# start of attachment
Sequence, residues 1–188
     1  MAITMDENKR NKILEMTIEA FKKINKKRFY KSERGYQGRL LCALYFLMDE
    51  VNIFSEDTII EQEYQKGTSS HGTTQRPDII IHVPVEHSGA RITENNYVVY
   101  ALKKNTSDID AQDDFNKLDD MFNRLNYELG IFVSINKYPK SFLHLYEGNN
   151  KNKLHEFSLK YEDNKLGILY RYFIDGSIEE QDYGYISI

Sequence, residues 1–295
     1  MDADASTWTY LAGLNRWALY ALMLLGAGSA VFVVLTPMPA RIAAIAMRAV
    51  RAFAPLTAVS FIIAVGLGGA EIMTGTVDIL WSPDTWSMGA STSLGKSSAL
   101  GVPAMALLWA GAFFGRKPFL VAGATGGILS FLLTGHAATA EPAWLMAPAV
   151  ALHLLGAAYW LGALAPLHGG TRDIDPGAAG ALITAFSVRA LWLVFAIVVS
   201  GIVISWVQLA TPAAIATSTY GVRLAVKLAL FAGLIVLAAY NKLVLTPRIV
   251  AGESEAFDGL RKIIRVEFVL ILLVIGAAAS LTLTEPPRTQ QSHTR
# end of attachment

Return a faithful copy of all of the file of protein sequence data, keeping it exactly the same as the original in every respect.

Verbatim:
Sequence, residues 1–188
     1  MAITMDENKR NKILEMTIEA FKKINKKRFY KSERGYQGRL LCALYFLMDE
    51  VNIFSEDTII EQEYQKGTSS HGTTQRPDII IHVPVEHSGA RITENNYVVY
   101  ALKKNTSDID AQDDFNKLDD MFNRLNYELG IFVSINKYPK SFLHLYEGNN
   151  KNKLHEFSLK YEDNKLGILY RYFIDGSIEE QDYGYISI

Sequence, residues 1–295
     1  MDADASTWTY LAGLNRWALY ALMLLGAGSA VFVVLTPMPA RIAAIAMRAV
    51  RAFAPLTAVS FIIAVGLGGA EIMTGTVDIL WSPDTWSMGA STSLGKSSAL
   101  GVPAMALLWA GAFFGRKPFL VAGATGGILS FLLTGHAATA EPAWLMAPAV
   151  ALHLLGAAYW LGALAPLHGG TRDIDPGAAG ALITAFSVRA LWLVFAIVVS
   201  GIVISWVQLA TPAAIATSTY GVRLAVKLAL FAGLIVLAAY NKLVLTPRIV
   251  AGESEAFDGL RKIIRVEFVL ILLVIGAAAS LTLTEPPRTQ QSHTR